About Rebecca Allen

Rebecca Allen is Director of Education Datalab and an expert in the analysis of large scale administrative and survey datasets, including the National Pupil Database and School Workforce Census. Her research explores the impact of government reforms on school behaviour, with a particular focus on accountability and teacher labour markets. She is currently on leave from her academic post as Reader in Economics of Education at UCL Institute of Education.

A-Level results day 2016: Did a good summer for Welsh football herald a bad summer for Welsh boys’ results?

A-Level examination sittings, which stretch from mid-May through to the end of June, often overlap with an international football tournament. Unfortunately, football lovers, who are more likely to be boys than girls, can find this a distraction from their revision schedule. Economists at the University of Bristol have noticed how this has damaged English boys [...]

By | August 18th, 2016|Exams and assessment, Post-16 provision|

Grammar schools contaminate comprehensive schooling areas

One of the reasons that decisions to open new selective schools should not be devolved to local decision-makers is that it affects pupils and schools in other local authorities. This is because families are able to seek a school for their child in a different local authority to the one they live in, thanks to [...]

By | August 11th, 2016|Admissions|

Changing the subject: why pushing pupils from disadvantaged backgrounds to take more academic subjects may not be such a bad thing

Today, Sutton Trust published our report on the 300 secondary schools who transformed their curriculum between 2010 and 2013 in response to government policy, achieving a rise in the proportion of pupils entering the EBacc from 8% to 48%. Understanding the experiences of pupils in these schools gives us a little window on what might [...]

Do the stellar careers of the Teach First ambassadors who remain in teaching justify the costs of the programme?

Today two new pieces of research on teacher training routes are published. The Institute for Fiscal Studies have published a Nuffield-funded report, authored jointly with Education Datalab and NFER, that summarises the relative costs and benefits of the different teacher training routes. Separately, we have published a report on careers of Teach First Ambassadors who [...]

By | July 15th, 2016|Teacher careers|

The careers of Teach First Ambassadors who remain in teaching: job choices, promotion and school quality

In this report we explore the careers of former Teach First participants who choose to remain in state-funded schools as Ambassadors. We compare the career profiles of the 2008 to 2012 cohorts to a matched group of teachers who began a full-time Higher Education Institution led PGCE course at a same time and have similar [...]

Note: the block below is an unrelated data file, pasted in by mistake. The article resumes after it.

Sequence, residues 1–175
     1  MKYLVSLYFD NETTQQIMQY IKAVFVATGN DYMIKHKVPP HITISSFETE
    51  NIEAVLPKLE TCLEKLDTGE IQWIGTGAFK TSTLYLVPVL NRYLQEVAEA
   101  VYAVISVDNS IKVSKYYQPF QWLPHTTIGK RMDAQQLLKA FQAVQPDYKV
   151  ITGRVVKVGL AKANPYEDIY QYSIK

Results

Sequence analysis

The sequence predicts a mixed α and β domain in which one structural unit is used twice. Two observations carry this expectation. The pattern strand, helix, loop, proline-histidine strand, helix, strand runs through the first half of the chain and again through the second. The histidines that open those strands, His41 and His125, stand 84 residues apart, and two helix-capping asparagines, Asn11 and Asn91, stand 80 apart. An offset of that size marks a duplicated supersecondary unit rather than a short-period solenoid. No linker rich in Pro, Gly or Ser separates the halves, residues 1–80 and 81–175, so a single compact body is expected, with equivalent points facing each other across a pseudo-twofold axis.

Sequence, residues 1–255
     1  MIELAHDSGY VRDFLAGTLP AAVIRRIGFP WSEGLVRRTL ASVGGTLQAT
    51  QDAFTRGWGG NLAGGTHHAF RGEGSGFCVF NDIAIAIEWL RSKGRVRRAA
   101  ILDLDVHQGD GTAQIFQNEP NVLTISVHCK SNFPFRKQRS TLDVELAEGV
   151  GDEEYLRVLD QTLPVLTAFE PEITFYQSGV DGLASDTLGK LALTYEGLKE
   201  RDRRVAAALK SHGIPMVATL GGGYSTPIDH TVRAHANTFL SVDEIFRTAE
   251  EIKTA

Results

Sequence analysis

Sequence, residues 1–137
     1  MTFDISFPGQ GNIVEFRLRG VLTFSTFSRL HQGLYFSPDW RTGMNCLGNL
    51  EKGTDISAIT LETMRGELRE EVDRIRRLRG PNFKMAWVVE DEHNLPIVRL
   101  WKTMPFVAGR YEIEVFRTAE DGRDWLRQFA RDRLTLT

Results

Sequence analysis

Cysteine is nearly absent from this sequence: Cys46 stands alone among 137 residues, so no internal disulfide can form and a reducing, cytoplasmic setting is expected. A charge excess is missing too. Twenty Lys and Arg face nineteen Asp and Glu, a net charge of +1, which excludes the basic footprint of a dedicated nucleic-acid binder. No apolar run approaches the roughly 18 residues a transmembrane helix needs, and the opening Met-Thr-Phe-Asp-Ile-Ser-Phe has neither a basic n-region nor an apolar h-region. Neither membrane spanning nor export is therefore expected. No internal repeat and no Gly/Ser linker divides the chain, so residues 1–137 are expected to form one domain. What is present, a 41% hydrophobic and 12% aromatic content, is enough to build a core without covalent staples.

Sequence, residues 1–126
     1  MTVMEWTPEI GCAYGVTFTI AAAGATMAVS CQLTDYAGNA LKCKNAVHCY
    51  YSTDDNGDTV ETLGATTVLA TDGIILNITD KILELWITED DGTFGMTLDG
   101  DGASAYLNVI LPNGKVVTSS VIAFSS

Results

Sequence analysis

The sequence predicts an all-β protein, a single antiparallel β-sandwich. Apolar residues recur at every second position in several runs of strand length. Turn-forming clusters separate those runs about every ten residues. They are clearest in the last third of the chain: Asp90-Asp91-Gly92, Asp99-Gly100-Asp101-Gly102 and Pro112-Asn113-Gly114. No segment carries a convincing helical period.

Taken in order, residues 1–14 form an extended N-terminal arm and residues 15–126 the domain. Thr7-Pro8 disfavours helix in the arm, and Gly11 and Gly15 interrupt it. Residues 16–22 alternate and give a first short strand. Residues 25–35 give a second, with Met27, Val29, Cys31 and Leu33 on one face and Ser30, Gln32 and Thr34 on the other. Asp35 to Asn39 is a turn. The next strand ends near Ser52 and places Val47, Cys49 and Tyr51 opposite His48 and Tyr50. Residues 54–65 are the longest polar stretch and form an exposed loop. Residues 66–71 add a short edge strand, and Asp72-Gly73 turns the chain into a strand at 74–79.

By | July 15th, 2016|Reports, Teacher careers|

Linking ITT and workforce data: (Initial Teacher Training Performance Profiles and School Workforce Census)

This report gives some initial estimates of retention in the state-funded teaching workforce in England by teacher training route, as a proportion of all those first registering on an ITT course. We illustrate how this varies by region and teacher characteristics. We give lower and upper bound retention rate estimates, reflecting uncertainty inherent in the [...]

By | July 6th, 2016|Reports, Teacher careers|

Non-retirement teacher wastage continues to rise

The November 2015 School Workforce Census, published today, shows that wastage out of the teaching profession has risen again to 10.6%. Teachers leave the profession when they unhappy with working conditions and when they can find other employment opportunities. These statistics suggest that it is teachers in secondary and special schools who are most currently [...]

By | June 30th, 2016|Teacher careers|

Can high stakes primary school testing ever serve the interests of children?

Earlier today at the Festival of Education I hosted a panel session with Jack Marwood and Michael Tidd that asked whether high stakes primary school tests can ever serve the interests of children. Michael Tidd has, through his blogs, tweets and newspaper column, publicly held the Government to account through the repeated missed deadlines on [...]

By | June 23rd, 2016|Exams and assessment, School accountability|

Inequalities in access to teachers in selective schooling areas

We recently published a report with the Social Market Foundation showing that schools serving more disadvantaged communities appeared to have greater difficulties in recruiting suitably qualified teachers. Ofsted contacted us to ask whether these inequalities were more or less pronounced in areas with selective secondary schooling because this has been an area of inquiry for them. [...]

By | June 22nd, 2016|Admissions, Teacher careers|